This is accompanied by symptoms such as fever or a general feeling of illness. In the course of a pseudogout, crystals can also be deposited on tendons, ligaments and intervertebral discs. Among other things, this is associated with restricted mobility, pain and symptoms of paralysis.
Chondrocalcinosis can be diagnosed, for example, by examining the affected joint with an X-ray. If chondrocalcinosis is present, calcifications of the articular cartilage can often be detected on the X-rays.
Another way of diagnosing chondrocalcinosis is joint puncture. Here, synovial fluid is removed from the joint. If there is pseudogout, this synovial fluid usually contains microscopic calcium pyrophosphate crystals.
Often the chondrocalcinosis is initially symptom-free. If an affected person develops symptoms over time, these can usually be relieved quickly by administering appropriate medication. In some cases, however, chondrocalcinosis also takes a chronic (long-term) course: Here osteoarthritis of the joints (wear and tear on the joints) can attack the joints, which can lead to functional disorders and pain in the affected joints.
In most cases, chondrocalcinosis is diagnosed late because there are no significant symptoms at the beginning of the disease. These usually only appear in the further course of chondrocalcinosis. There is inflammation of the joints and knees, with knee pain also occurring.
The knees are often swollen, which results in restricted mobility. It is not uncommon for the patient to rely on walking aids. In addition to the pain, there is also a strong fever. The pain and restricted mobility can lead to psychological complaints and depression in the patient and are usually treated by a psychologist.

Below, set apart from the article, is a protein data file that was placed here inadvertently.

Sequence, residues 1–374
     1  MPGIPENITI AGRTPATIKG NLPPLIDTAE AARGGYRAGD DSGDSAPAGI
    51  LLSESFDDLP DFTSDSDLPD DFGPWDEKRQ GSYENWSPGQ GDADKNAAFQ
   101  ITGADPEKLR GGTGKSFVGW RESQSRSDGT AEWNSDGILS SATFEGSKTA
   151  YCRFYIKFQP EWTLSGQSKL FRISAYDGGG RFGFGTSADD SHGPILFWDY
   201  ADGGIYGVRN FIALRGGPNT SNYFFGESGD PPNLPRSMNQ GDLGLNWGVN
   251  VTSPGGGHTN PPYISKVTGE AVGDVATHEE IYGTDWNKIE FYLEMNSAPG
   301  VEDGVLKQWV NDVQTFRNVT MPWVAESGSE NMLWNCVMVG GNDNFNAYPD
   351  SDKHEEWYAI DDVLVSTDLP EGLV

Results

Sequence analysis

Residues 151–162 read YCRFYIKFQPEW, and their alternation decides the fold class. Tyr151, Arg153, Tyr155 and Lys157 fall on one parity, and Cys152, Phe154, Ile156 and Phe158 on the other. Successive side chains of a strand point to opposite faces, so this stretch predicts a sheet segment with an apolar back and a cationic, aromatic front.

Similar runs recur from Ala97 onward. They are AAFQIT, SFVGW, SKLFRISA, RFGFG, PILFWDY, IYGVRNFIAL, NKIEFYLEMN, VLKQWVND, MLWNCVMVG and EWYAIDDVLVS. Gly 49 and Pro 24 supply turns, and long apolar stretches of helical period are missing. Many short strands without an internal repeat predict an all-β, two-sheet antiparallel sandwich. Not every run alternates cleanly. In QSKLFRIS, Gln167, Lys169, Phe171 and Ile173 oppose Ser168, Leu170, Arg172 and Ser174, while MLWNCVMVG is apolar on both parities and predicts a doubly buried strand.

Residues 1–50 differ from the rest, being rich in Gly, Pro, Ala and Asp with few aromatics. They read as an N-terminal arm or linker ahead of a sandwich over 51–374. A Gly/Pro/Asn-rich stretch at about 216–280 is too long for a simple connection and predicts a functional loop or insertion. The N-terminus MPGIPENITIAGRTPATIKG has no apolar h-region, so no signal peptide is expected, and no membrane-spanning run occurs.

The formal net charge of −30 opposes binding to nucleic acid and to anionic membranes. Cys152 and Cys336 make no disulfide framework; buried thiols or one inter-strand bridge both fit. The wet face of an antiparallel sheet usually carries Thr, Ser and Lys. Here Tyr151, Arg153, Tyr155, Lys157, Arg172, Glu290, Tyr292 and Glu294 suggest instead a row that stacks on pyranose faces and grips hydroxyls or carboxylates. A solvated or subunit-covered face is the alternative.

The treatment itself usually takes place with the help of medication and can stop chondrocalcinosis relatively well. Various therapies and treatments with cold and heat are also possible to alleviate the symptoms. In severe cases, surgery is necessary.
In addition to chondrocalcinosis, there are often metabolic diseases that can also have various complications. In most cases, life expectancy is not affected by the disease. As a rule, a healthy lifestyle also has a positive effect on the course of the disease and prevents further complications.
In the event of sudden pain and swelling in a joint, medical advice is always required. Recurring joint inflammation or chronic joint pain should also be medically clarified, as there is probably a serious underlying disease. The doctor can determine whether it is chondrocalcinosis and suggest appropriate treatment to the patient. If the pseudogout is not treated, further complications can occur.
Warning signs that the disease may be more advanced are increasing movement restrictions of the tendons, ligaments and intervertebral discs. Anyone who experiences these symptoms in connection with a high fever should consult a doctor. Other contacts are internists and rheumatologists.